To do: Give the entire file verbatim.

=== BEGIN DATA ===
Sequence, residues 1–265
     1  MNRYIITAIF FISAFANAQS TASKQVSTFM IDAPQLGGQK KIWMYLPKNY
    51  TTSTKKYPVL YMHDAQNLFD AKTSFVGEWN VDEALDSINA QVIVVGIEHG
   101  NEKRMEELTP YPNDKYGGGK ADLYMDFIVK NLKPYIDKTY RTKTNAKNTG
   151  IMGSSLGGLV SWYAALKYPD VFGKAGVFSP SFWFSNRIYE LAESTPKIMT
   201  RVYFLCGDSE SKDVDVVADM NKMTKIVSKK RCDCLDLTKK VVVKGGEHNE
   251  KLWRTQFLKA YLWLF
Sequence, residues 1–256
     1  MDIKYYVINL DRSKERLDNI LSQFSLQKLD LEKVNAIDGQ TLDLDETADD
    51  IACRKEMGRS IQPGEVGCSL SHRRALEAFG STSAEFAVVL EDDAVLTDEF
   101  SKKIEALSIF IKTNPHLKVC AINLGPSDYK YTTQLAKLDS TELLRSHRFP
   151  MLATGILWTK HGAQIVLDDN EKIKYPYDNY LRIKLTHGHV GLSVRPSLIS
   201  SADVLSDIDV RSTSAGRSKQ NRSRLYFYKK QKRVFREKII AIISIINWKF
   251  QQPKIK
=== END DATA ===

Sequence, residues 1–265
     1  MNRYIITAIF FISAFANAQS TASKQVSTFM IDAPQLGGQK KIWMYLPKNY
    51  TTSTKKYPVL YMHDAQNLFD AKTSFVGEWN VDEALDSINA QVIVVGIEHG
   101  NEKRMEELTP YPNDKYGGGK ADLYMDFIVK NLKPYIDKTY RTKTNAKNTG
   151  IMGSSLGGLV SWYAALKYPD VFGKAGVFSP SFWFSNRIYE LAESTPKIMT
   201  RVYFLCGDSE SKDVDVVADM NKMTKIVSKK RCDCLDLTKK VVVKGGEHNE
   251  KLWRTQFLKA YLWLF
Sequence, residues 1–256
     1  MDIKYYVINL DRSKERLDNI LSQFSLQKLD LEKVNAIDGQ TLDLDETADD
    51  IACRKEMGRS IQPGEVGCSL SHRRALEAFG STSAEFAVVL EDDAVLTDEF
   101  SKKIEALSIF IKTNPHLKVC AINLGPSDYK YTTQLAKLDS TELLRSHRFP
   151  MLATGILWTK HGAQIVLDDN EKIKYPYDNY LRIKLTHGHV GLSVRPSLIS
   201  SADVLSDIDV RSTSAGRSKQ NRSRLYFYKK QKRVFREKII AIISIINWKF
   251  QQPKIK